Dirge for ice sheets receding

Caitlin Roach

Everything bends to you. Even the creeping
sedum slows to apprehend you, splitting cracks

more open at your passing to wrest what notice
might still exist inside you. The last living box

elder, hunkered resolute in the corner, flickers
in its moldy hull like a twitch, knowing nothing

but awaits you. Somewhere yarrow readies itself
to stanch the blood you’ll let from it and airs its

sweetness still to solicit even your indifference.
All those Julys spent damp in the fern room

where the egg fruit swelled and swung adjacent
to the drunkard’s dream, dancing bones glutting

deep yellow bells swinging, kept me on my knees.
The weeping fig never clapped a tear from its glossy

stem then. Still you bent to stroke forth shame from
the touch-me-not to see the plant’s spines rise,

to watch it live up its name round your finger.
Haven’t I been this sensitive. I’ve seen black

blacken in the center of you. I’m not trying to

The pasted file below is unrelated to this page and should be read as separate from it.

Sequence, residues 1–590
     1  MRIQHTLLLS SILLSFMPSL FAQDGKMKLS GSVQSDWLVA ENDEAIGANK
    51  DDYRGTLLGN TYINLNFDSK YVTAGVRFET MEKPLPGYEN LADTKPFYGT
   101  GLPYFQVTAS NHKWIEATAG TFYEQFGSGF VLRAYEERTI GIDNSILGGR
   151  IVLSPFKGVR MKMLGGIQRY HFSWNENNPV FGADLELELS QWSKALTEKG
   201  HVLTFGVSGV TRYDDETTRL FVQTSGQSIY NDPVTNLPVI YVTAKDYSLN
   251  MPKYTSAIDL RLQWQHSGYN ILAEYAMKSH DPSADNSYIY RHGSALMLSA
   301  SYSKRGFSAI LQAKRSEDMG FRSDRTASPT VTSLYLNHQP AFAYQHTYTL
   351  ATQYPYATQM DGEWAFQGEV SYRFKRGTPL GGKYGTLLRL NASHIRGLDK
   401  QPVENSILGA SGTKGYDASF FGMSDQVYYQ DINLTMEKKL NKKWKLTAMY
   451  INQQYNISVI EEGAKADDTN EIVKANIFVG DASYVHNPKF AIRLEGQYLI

capture light. I’m after the dark bit dumbed by

the brightness flanking all sides but still whirls
around its own dark heart, purging impractical

fractions. That, or the velvet ice slats slipping
away from their silver throats so surely I cannot

buck the thawing, I can never remember. Anything
but the clasp. But the bells’ wet din.

Caitlin Roach earned an MFA in poetry from the Iowa Writers’ Workshop. Her poems have appeared or are forthcoming in Best New Poets 2017, Colorado Review, Poetry Northwest, West Branch, Copper Nickel, The Journal, Prelude, Handsome, and The Iowa Review. She is an assistant professor-in-residence at the University of Nevada, Las Vegas, where she teaches creative writing and literature. You can find her online at caitlinroach.com.